A rousing, white-knuckle tale of the scrappy underdogs vs. big bad military forces, there’s a bit too much going on in Railroad Tigers to keep track of but it’s plenty of fun.
Sure, the leading men have chemistry, but unremarkable action sequences and jokes that are more cringe-inducing than genuinely funny ensure this won’t be front and centre in most moviegoers’ memories after they leave the theatre.

Fallen (2016) – Review

If you roll your eyes when you hear the term 'YA paranormal romance', this is the very thing you’re thinking of.
Audiences who, like this film’s directors, grew up on 80s horror flicks they were too young to watch, will lap this up. However, the ideas at play are almost as messy as the assorted gore.
There’s great warmth and authenticity in the performances here, but the initially-intriguing mystery seems to hit a dead end, with the feeling that a rich story has been suddenly truncated.
Judging from all the reboots, remakes and re-imaginings flooding the cinemas as of late, it would seem that Hollywood either thinks us moviegoers have terrible memories, or they're running low on ideas the latter seems more likely. This film is a remake of the much-beloved 1990 film starring Arnold Schwarzenegger, which in turn was based on a book by revered science fiction author Phillip K Dick. The book's title? We Can Remember It for You Wholesale, which the filmmakers seem intent on making into reality. To add insult to injury, the studio behind this one is named... Original Film.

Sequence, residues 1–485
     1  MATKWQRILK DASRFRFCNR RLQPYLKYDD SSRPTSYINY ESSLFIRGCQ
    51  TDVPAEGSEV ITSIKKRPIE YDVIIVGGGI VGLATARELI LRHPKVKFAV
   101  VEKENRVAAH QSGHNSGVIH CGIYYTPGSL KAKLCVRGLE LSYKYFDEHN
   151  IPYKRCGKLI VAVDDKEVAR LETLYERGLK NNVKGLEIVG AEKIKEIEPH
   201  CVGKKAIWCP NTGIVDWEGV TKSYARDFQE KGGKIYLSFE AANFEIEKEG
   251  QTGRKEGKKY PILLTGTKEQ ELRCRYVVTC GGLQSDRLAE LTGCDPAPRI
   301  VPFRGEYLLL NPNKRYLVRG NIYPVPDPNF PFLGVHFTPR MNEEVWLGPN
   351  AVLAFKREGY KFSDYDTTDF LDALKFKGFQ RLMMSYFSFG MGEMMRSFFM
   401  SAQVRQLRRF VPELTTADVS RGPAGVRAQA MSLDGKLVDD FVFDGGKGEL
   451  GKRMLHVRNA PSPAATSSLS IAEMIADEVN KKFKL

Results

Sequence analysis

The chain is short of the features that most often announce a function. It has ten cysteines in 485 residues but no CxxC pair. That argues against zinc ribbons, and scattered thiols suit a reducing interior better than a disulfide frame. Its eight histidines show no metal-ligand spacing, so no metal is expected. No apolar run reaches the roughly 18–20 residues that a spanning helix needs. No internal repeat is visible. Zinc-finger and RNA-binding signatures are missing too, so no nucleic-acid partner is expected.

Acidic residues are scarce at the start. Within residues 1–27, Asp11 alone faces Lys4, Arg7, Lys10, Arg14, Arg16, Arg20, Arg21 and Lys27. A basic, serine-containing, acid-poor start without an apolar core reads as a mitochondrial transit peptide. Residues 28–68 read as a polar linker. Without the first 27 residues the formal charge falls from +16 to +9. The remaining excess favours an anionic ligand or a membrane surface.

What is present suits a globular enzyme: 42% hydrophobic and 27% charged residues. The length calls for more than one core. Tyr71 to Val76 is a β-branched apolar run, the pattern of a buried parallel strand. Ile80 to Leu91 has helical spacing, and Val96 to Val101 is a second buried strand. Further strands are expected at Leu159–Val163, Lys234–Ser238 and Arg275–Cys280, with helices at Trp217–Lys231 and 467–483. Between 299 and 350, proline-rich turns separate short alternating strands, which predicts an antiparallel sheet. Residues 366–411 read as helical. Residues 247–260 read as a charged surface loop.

You’ll leave the theatre thinking, “we should have gone deeper”. 'Inception' with demons should be a whole lot more gripping than this.
Ewan McGregor shines in his dual role, but Last Days in the Desert’s loose structure and lack of narrative drive keep its audience at a distance.

Delivery Man – Review

Delivery Man doesn't inspire a whole lot of confidence - everything about its publicity campaign suggests that this is yet another frat-boy comedy built around Vince Vaughn's arrested-development screen persona. This time, he isn't crashing a wedding or getting an internship at Google: he's fathering 533 kids! It sounds terrible, but actually isn't - at least in its first half, which is an interesting, emotionally powerful look at the notions of fatherhood and responsibility. It's actually a shame that the film stumbles as determinedly as it does into its uncomfortably cheerful ending.
Even the Best Actor award-winning duo of Nicholas Tse and Sean Lau can't save this film from its doom of having a potentially brilliant theme brought to waste under the debut direction of Ken Wu.
An enjoyable Korean monster film for its characters, action, and compelling CGI man-eating beast.
A period zombie film derivative of Train To Busan but featuring handsome Hanbok-clad superstars in flashy action sequences.

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